The Mercedes-Benz SLS AMG is, undoubtedly, an amazing vehicle. Of course, as with any worthy car, Top Gear has this beast featured in one of their episodes (click here for the full Top Gear episode). While it is evident from the video that perhaps the handling of the car isn’t quite like it’s track-bred competitors (GT3 RS Porsche and Ferrari 458 Italia), the car still retains exactly what Mr. Clarkson and I both love about Mercedes-Benz: a refined, yet ferocious, sense of luxury. This is especially clear after taking a look at the interior of this lovely machine (below), which is appropriately named the “cockpit” of the SLS.
(Hopefully) Everyone that reads this blog knows that I’m a car nut. I particularly like anything obnoxiously fast and equally as expensive (hey, you get what you pay for…). Anyway, I changed my desktop wallpaper today. Usually I have some expensive high performance coupe/sedan which keeps me motivated for about a week or so. Currently, I have a picture of the Bugatti Veyron 16.4 Grand Sport on my desktop. This thing isn’t even really a car. I’m not sure what to classify it as – maybe an airplane without wings? It’s a phenomenal machine. Only 200 ever produced, 0-62 in 2.5 seconds and 0-100mph in only 5.5 seconds. It has sixteen cylinders and four turbochargers. One of the coolest things about the car (everything about this car is cool) is that “It sounds like a dragon with emphysema sucking on a bottle of oxygen.” The sound it produces is amazing.
This Youtube clip shows one of these awesome machines being auctioned off for a cool $2.9M. It was for a chance to work with Bugatti engineers to personalize the vehicle before it was purchased, but that’s still a ton of money. $2.9M could buy a huge house, a huge yacht, or even probably a small island. Here’s a clip of the car in action.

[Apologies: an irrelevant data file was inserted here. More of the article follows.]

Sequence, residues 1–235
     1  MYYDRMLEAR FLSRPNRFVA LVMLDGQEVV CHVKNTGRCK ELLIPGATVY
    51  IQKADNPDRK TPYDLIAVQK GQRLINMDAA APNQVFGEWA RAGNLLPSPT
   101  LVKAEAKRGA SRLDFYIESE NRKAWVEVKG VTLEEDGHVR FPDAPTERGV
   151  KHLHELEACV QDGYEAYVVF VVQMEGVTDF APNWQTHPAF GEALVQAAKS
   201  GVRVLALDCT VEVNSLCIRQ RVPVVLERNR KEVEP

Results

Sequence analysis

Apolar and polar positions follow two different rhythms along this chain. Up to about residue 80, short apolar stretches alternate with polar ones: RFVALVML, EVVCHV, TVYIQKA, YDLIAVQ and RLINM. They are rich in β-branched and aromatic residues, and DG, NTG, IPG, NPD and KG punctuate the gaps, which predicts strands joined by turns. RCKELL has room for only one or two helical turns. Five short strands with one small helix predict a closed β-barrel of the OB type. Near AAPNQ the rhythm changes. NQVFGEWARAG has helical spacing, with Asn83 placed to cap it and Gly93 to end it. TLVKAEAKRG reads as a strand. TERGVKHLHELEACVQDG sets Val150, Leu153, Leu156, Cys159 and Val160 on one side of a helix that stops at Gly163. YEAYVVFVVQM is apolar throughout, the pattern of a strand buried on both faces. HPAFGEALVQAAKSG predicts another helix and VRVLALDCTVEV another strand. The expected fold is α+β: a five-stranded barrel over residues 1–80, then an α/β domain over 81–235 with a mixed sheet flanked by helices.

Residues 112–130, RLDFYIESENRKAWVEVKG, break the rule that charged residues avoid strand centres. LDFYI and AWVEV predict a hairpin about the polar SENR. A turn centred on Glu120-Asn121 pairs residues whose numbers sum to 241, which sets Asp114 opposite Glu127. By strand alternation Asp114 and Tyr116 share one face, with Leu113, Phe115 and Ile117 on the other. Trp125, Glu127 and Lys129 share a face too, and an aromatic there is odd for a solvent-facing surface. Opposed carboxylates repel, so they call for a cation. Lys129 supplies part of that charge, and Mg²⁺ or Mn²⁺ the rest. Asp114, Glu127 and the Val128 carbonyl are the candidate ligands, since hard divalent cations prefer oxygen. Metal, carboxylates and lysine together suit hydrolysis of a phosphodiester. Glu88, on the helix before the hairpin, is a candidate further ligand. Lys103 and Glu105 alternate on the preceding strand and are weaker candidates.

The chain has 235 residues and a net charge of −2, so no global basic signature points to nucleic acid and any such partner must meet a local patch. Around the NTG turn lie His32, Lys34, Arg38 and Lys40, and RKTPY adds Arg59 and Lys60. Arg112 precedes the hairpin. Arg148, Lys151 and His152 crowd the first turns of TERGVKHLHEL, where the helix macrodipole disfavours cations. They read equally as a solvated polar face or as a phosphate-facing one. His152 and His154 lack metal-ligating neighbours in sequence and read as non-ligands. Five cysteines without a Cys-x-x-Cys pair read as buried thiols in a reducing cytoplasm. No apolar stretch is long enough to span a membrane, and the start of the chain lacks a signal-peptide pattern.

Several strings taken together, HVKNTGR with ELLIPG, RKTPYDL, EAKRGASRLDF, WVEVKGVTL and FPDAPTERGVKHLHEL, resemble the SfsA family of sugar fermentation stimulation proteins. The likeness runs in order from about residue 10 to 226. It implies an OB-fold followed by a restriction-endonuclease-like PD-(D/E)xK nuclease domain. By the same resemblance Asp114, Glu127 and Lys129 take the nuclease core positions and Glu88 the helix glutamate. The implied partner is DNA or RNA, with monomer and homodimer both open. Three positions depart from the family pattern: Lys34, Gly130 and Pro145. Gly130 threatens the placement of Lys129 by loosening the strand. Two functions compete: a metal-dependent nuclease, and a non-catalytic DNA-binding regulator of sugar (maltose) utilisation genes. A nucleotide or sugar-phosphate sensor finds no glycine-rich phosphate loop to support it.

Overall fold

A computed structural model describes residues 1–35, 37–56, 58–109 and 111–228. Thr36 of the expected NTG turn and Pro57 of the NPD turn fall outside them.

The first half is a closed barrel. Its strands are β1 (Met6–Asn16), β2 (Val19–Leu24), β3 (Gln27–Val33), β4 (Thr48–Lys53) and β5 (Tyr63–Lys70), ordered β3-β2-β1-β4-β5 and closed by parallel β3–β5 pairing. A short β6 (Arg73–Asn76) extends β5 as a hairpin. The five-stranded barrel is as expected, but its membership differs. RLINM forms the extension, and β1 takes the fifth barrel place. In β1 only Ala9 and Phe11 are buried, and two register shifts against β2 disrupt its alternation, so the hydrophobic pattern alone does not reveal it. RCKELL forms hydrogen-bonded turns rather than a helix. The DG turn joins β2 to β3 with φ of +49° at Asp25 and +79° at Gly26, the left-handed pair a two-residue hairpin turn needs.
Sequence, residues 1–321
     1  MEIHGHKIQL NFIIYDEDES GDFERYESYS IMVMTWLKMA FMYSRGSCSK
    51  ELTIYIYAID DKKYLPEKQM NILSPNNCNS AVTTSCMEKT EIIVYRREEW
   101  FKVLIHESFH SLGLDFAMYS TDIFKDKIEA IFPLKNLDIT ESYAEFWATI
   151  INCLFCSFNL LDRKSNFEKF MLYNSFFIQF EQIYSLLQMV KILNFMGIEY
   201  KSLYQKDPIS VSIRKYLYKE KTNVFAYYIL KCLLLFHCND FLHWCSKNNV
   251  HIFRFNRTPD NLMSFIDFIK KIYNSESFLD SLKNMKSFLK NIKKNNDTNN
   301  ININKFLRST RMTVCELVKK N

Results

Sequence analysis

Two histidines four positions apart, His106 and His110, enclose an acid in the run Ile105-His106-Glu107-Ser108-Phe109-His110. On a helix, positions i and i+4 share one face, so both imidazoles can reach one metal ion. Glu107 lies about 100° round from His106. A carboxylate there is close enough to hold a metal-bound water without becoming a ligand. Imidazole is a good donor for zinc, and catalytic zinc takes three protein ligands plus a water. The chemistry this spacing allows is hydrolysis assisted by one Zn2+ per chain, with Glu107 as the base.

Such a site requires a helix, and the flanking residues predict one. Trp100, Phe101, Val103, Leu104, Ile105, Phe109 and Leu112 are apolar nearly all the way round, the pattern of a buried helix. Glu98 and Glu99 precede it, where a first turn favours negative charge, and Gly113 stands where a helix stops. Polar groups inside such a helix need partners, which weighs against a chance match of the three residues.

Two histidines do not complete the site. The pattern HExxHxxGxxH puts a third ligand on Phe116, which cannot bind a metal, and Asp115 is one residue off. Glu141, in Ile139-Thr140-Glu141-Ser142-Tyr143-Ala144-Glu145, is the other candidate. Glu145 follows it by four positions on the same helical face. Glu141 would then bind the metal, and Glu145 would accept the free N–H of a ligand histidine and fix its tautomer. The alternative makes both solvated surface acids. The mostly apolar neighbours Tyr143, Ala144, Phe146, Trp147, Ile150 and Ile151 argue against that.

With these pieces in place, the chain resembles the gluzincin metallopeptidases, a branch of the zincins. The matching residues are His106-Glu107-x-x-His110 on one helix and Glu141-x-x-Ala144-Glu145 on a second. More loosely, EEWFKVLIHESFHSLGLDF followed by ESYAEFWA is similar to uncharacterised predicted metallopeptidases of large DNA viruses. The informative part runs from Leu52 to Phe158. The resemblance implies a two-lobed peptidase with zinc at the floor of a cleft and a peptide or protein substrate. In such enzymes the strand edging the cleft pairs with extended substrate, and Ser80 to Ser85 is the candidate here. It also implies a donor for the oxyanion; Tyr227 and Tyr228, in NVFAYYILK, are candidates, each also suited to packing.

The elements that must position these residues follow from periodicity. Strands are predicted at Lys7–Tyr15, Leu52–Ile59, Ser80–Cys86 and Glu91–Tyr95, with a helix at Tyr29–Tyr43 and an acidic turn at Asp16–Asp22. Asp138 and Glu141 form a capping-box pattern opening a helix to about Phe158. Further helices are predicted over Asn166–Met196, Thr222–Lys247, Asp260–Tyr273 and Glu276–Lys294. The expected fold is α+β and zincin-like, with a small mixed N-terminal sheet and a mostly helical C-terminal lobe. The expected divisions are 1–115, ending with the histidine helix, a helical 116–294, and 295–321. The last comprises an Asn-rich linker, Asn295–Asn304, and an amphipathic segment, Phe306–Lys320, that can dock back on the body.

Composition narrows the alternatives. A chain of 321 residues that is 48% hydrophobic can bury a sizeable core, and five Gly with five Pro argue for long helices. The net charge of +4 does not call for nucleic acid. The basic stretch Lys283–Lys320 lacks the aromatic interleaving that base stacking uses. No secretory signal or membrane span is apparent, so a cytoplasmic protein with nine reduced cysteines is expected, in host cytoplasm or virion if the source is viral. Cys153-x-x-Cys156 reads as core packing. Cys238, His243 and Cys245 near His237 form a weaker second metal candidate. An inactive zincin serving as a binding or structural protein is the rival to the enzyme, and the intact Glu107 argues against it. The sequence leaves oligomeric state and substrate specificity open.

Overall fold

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Alright, it’s been a while. Anyhoo, just flipped through pictures of the Detroit Auto Show and the Tokyo Auto Show. There were many similarities between the two shows. Detroit had some really good (and really green) concepts, but the Tokyo Auto Show slide show caught me right out of the gates with the Lexus LF-A. The LF-A has a 4.8 liter V10, all for only $375,000. Although that’s a hefty price tag for most, I say “only” because it’s significantly less expensive than Mercedes-Benz’s “supercar,” the SLR (near $500k). Another car that stuck out is the Tango, from Commuter Cars (Detroit show). There was a lot of discussion about whether Smart cars would be safe. I can’t imagine how you can build a car as small as the Tango and call it safe, especially when there are Yukons and Expeditions running left and right through the typical urban setting on a much more frequent basis than the Tango will be (based on the fact that Smart cars are still a rare sighting). The LA Auto Show also had some cool cars, the LF-A Lexus being one of them. As automakers start rolling their concepts out, it will be interesting to see how closely these cars will resemble the Lexus that Tom Cruise drove in Minority Report.
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Yep, another Times article, this time about the new BMW 7-series. In 1977, the 7-series came standardly equipped with a six-cylinder engine. For 2010, BMW plans on re-introducing the same style engine, hopped up on a lil’ bit o’ somethin’ somethin’, giving it about 185 more horsepower than the original engine. Okay, there’s more horsepower. In a straight six engine. What happened to the V8s and V12s BMW offers with the 7-series? Hmm…seems like the German automaker really is trying to be as green as possible, from vehicle recycling to providing more energy efficient engines that use less cylinders.